The Echelon: Is Springfield Armory Getting It Right?
For those interested in an interchangeable fire control unit and more Glock-like ergonomics over the P320, the Echelon and its neat VIS optics system, could be a hit.
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Today’s Springfield Armory, Inc dates to 1974 and, when it comes to handguns, primarily makes assorted 1911s and 2011s (the terribly received Prodigy) domestically then imports pistols from Croatia’s HS Produkt— the XD series (HSP G2, SF, and S series) and the Hellcat (the HSP S7). Now, the company appears to be putting the XD to bed after a ~25 year run, potentially phased out in favor of the new Echelon.
What is the Springfield Armory Echelon?
In a nutshell, the newest handgun platform in SA’s catalog is another Croatian beauty rebranded for the American market; HS Produkt’s more forward-looking pistol platform the company developed for European military and police tenders.
As described by Ian McCollum of Forgotten Weapons, who visited the HSP factory a few months ago, it turns out that none of the upcoming European contracts want a simple XD-style pistol but instead are looking for something more modular and without a grip safety.
The solution: a chassis pistol system similar to the Steyr M9 and SIG P250/P320.
The Echelon’s fire control unit, or Central Operating Group. This is the serialized heart of the gun and can be put into a planned variety of grip frames.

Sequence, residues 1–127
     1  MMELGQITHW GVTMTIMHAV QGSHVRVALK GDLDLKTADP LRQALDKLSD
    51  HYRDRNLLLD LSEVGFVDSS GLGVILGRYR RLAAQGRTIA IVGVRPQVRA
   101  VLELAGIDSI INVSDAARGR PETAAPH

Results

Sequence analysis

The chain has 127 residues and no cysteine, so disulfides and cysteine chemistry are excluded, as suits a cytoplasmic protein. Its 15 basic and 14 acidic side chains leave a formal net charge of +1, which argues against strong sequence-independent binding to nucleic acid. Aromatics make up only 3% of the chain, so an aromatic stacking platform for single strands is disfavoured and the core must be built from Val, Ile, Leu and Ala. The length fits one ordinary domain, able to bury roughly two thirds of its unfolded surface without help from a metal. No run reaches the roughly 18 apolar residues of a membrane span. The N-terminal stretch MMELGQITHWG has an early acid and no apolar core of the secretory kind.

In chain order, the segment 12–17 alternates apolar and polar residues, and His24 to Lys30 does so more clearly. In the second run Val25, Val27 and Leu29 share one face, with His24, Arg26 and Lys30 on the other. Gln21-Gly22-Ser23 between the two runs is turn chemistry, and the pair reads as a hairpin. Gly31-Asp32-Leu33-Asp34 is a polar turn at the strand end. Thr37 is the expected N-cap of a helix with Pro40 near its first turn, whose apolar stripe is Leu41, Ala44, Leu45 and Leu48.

The Echelon in its initial format is very Glock 17-ish with a standard 9mm 4.5-inch barrel and a 17-round magazine (20 extended).
In a win, though, it has a very low bore axis, borrows the texture from the Hellcat (which everyone seems to like) has a flared slide to help with racking, and a grip angle geometry that more approximates the CZ P10 or M&P M2.0 rather than the Glock or SIG.
The way it mounts optics is neat
One really interesting thing about the Echelon is what Springfield calls the Variable Interface System which uses a series of self-locking pins to accommodate a wide range of micro red dot footprints.
This means no hokey adapter plates which can fail, and a really low deck which means that you don’t have to get super high sights in order to co-witness.
There are like 20 cringy new videos on YouTube covering the Echelon, but probably the best (and most honest) is by The Humble Marksman, who covers removing the fire control unit and talks a good bit about the VIS system.
Who is the Echelon made for?
Springfield is really pushing these guns as a “service weapon” or “duty side arm” for law enforcement use and released a ton of lifestyle images showing them in the hands of officers and assorted operator types.
And, of course, regular people who drive pickup trucks.
The MSRP is $679-$739 depending on if you get night sights and an extended threaded barrel or not. Odds are, you can expect the Echelon to rapidly appear in smaller sizes, potentially different calibers, and the works, much like the P320.
Of note, this is basically the same price as the standard P320 models, and the Echelon uses proprietary mags (rather than just keeping the XD mags), so it will likely have an uphill climb. However, for those wanting an interchangeable fire control unit and more Glock-like ergonomics over the P320, the Echelon could be a hit.
Either way, that VIS system, if it works, could be the real news from this– other than the fact that XDs may soon become collectible.